ALP condemns Gaza school bombing amid community outrage

A cabinet minister has condemned the killing of civilians and the bombing of schools in Gaza, as an ex-Labor senator warned Muslim and Arab voters are feeling disenfranchised by the federal government's rhetoric.

Education Minister Jason Clare said the war in Gaza had affected his community in Western Sydney more than most, due to the higher proportion of Muslims and people from the Middle East.

"I condemn the killing of any innocent people, whether it's the bombing of a hospital in Ukraine or whether it's the bombing of a school in Gaza - death is death," the Blaxland MP said on Thursday.

Tony Burke (left) and Jason Clare
Tony Burke and Jason Clare hold electorates that are home to voters with Middle East backgrounds.

"Those dead bodies that we see on TV every night, they have names and in my community sometimes they're brothers and sisters, they are family.

"And that's why they see it differently, that's why they feel it differently, that's why they're hurting so much."

The Labor government had stood up for Palestine by supporting a ceasefire, voting for greater recognition at the United Nations and reversing the previous government's decision to move the embassy from Tel Aviv to Jerusalem, he added.

"We've made all of those points clear and I know that there is more work to do - ultimately what people want is the killing to stop," Mr Clare told reporters in Sydney.

There was an "overwhelming" level of dissatisfaction among Labor voters because the government had failed to move ahead with its policy to formally recognise a Palestinian state, Senator Fatima Payman said. 

The Muslim senator for Western Australia resigned from the Labor party last week after earlier crossing to floor to side with a Greens motion supporting Palestinian statehood.

"People wanted to see more from a Labor government and they're quite disappointed," she told The Conversation.

Senator Fatima Payman
WA Senator Fatima Payman claims she made a ruckus behind the scenes on the plight of Palestinians.

"I was making a lot of ruckus and noise behind the scenes, talking to colleagues, literally telling them that we're bleeding ... this is going to impact us electorally, people are not happy with us and I felt like it went on deaf ears."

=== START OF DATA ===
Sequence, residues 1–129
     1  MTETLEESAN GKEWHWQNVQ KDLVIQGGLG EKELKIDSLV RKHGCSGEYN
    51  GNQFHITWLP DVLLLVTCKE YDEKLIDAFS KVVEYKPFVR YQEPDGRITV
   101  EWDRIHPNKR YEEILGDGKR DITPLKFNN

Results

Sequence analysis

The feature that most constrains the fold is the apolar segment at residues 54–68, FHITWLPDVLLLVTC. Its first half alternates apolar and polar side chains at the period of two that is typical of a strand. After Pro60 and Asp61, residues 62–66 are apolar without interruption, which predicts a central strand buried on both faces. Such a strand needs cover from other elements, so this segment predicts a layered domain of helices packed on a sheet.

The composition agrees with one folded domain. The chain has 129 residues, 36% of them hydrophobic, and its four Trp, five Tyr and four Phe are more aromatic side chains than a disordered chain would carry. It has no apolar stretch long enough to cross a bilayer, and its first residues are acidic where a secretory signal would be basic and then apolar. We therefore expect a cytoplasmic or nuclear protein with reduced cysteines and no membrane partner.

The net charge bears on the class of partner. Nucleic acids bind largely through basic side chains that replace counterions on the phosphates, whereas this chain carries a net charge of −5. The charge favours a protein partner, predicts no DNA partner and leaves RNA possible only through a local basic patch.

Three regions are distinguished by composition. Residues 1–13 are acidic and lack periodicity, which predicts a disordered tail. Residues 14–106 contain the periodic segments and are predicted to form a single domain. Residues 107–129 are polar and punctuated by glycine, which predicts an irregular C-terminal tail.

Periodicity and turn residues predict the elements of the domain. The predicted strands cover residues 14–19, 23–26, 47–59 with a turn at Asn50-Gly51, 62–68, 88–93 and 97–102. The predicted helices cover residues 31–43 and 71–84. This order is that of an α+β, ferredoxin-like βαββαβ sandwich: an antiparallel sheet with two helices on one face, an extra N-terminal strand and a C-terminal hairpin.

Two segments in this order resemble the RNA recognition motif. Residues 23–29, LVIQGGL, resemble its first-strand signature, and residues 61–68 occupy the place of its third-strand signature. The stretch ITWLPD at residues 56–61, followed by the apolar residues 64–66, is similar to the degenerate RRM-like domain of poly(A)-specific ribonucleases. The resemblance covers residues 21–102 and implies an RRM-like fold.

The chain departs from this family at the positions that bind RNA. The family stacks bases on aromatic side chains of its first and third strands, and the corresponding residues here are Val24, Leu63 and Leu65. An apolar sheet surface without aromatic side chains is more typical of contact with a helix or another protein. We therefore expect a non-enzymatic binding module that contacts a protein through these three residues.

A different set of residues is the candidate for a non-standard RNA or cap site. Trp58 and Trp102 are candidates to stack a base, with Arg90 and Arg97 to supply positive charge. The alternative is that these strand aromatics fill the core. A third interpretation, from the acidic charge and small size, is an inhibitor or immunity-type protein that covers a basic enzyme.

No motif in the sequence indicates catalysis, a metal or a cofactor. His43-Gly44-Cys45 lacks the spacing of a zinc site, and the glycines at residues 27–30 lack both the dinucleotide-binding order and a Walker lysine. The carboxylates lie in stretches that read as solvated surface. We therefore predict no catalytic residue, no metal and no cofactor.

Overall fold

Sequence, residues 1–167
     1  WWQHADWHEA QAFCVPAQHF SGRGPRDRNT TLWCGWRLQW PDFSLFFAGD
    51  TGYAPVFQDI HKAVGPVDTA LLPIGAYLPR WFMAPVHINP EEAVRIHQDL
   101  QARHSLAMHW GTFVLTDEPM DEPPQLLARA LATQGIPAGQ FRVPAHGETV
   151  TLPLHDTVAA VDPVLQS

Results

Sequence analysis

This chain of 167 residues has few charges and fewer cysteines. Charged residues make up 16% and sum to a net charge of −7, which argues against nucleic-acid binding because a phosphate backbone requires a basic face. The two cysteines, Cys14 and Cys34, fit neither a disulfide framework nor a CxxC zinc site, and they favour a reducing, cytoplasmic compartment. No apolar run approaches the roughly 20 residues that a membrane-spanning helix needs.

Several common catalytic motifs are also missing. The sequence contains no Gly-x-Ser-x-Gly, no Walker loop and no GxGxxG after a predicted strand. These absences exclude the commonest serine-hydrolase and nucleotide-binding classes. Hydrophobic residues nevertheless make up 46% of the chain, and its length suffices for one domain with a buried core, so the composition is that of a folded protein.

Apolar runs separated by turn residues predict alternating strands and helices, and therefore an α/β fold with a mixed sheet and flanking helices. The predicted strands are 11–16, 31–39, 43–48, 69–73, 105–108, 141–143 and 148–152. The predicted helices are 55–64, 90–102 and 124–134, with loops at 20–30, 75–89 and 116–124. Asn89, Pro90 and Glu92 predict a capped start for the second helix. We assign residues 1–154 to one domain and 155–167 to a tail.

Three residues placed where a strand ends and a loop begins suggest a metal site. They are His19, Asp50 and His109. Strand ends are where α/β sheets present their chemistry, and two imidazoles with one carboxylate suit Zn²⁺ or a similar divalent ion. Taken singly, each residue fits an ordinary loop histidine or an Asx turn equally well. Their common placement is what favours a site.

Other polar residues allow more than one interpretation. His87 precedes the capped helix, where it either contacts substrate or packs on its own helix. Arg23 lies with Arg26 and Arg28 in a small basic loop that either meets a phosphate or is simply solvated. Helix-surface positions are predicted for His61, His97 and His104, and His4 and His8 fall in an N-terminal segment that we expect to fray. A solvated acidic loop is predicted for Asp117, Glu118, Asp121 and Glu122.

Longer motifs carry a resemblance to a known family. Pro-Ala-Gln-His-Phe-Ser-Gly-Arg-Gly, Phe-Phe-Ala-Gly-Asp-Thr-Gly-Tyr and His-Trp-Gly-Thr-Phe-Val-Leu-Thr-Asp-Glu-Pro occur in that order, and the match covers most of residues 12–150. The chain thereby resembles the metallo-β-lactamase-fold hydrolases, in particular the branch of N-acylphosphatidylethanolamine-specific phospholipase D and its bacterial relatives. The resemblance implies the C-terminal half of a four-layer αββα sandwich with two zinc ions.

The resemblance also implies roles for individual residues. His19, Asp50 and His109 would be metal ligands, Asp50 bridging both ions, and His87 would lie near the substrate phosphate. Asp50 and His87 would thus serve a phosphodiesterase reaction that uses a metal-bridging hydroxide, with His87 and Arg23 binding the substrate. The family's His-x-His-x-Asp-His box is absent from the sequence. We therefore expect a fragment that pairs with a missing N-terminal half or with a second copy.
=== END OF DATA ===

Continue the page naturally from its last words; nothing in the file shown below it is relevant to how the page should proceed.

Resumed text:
She called on Labor to use its opportunity while in government to fulfil its pledge to recognise a Palestinian state, which was in line with what its members and unionists wanted.

"The advocates from Gough Whitlam to Bob Hawke to Paul Keating, all those big Labor giants who have been so outspoken on Palestinians’ right to self-determination and statehood," she said.

"And knowing that the prime minister himself has advocated for longer than I’ve been around - for me, I felt like this is the best time."

Australian Prime Minister Anthony Albanese
Anthony Albanese has said faith-based politics would "undermine social cohesion".

But she stopped short of backing faith-based political parties as speculation swirls that pro-Palestine Muslim independents could target Labor heartland in Western Sydney over the government's rhetoric on the war in Gaza.

"I don’t think it would be wise to have a Muslim party ... because you need to look at your broader base," Senator Payman said.

According to the Muslim Vote website, Mr Clare and a number of his Sydney federal colleagues - including Tony Burke, Chris Bowen and Andrew Charlton - could be challenged at next year's election.

The last national census conducted in 2021 found Australians who identify as Muslim, from all forms of Islam, account for 3.2 per cent of the population.

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